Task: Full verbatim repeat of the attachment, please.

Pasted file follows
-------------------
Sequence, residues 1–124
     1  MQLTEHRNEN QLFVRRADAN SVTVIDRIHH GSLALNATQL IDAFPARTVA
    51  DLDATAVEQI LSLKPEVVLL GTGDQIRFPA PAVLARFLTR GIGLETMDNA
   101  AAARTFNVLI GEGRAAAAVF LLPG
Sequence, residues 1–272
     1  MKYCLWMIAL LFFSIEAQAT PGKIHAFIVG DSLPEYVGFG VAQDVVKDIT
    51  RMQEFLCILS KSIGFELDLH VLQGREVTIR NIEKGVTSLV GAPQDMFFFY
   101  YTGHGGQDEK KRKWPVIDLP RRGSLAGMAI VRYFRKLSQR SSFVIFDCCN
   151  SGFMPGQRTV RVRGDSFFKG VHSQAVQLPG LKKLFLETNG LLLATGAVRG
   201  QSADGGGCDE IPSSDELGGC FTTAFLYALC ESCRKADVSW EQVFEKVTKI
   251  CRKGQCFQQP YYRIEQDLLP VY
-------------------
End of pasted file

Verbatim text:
Sequence, residues 1–124
     1  MQLTEHRNEN QLFVRRADAN SVTVIDRIHH GSLALNATQL IDAFPARTVA
    51  DLDATAVEQI LSLKPEVVLL GTGDQIRFPA PAVLARFLTR GIGLETMDNA
   101  AAARTFNVLI GEGRAAAAVF LLPG
Sequence, residues 1–272
     1  MKYCLWMIAL LFFSIEAQAT PGKIHAFIVG DSLPEYVGFG VAQDVVKDIT
    51  RMQEFLCILS KSIGFELDLH VLQGREVTIR NIEKGVTSLV GAPQDMFFFY
   101  YTGHGGQDEK KRKWPVIDLP RRGSLAGMAI VRYFRKLSQR SSFVIFDCCN
   151  SGFMPGQRTV RVRGDSFFKG VHSQAVQLPG LKKLFLETNG LLLATGAVRG
   201  QSADGGGCDE IPSSDELGGC FTTAFLYALC ESCRKADVSW EQVFEKVTKI
   251  CRKGQCFQQP YYRIEQDLLP VY